The interior is typical Golf – plain, clear, lacking in gimmickry – but quite drab compared with the latest competition like the new Mazda3. There is no “wow” factor in the interior, and some of the plastics seem on the cheap side.

VW uses laser welding, as opposed to the old spot welding method, and this gives increased rigidity and therefore crash-resistance and safety to the Golf V. Also the tighter gaps between the bodywork mean a more slippery aerodynamic profile and therefore better fuel consumption.

1,000 Euro Incentives?
Early reports from Germany suggest that the new Golf is not exciting new buyers there. Prices are thought to be on the high side. Some reports suggest that VW dealers are offering up to 1,000 euros in incentives to shift the metal, even though the new car has barely finished its rollout across Europe.

The new Golf base model is being offered at a very similar price to the upcoming new Opel/Vauxhall Astra, but prospective buyers are reporting that if features are added to the Golf which are standard on the entry level Astra, the VW is in fact at least 2,000 euros more expensive. VW seems to be saying that its quality and status alone mean that it can charge higher prices. It remains to be seen whether consumers are willing to pay a Mercedes or BMW like premium for the mass market Golf.

With new competitors now also including the Toyota Corolla, Mazda3, Peugeot 307, Renault Megane, and Ford Focus, the new Golf faces tougher competition than ever.

Maybe relying on its traditional values and shape might not be enough. Perhaps a little more pizzazz is needed if the Golf is ever going to return to former glories.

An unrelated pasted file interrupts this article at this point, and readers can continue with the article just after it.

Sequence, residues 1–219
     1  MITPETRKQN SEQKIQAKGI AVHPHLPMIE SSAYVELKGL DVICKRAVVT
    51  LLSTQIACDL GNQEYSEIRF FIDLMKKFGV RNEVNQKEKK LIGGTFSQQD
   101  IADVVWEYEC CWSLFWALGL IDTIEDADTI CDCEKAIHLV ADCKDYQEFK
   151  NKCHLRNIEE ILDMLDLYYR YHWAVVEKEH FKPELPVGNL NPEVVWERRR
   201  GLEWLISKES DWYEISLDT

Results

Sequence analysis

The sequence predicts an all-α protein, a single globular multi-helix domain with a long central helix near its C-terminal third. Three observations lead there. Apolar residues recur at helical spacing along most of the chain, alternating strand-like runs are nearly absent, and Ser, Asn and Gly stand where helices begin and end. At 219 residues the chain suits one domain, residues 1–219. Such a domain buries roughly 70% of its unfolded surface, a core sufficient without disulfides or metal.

Neil Winton – February 1, 2004

VW Golf 1.6 FSI S
Engine:
1.6 litre, 4 cylinder, direct-injection petrol
Power:
115 bhp
Gearbox:
six speed manual, six-speed auto
Drive:
front wheels
Acceleration:
0-62/100 kph 10.8 seconds (11.1, auto)
Top Speed:
119 mph (192 kph)
Fuel Consumption:
combined claimed 41.5 mpg-6.8 litres/100kms
CO2:
163 g/km
Length:
4,204 mm
Width:
1,759
Height:
1,485
Suspension front:
coil springs
Suspension rear:
gas pressure shocks, separate springs
Insurance Group:
6E
Price:
£13,700 (20,000 euros)
Competition:
Peugeot 307, Renault Megane, Fiat Stilo, Vauxhall/Opel Astra, Honda Civic,
Toyota Corolla, Nissan Almera, Mazda3, Ford Focus, Alfa 147, Audi A3, Mercedes A class
Would I buy one?
No. I’d go for the Toyota Corolla
Rating:
*** out of 5
For:
tried and tested formula
Against:
is that all you get for your money?

home page / more reviews / top of page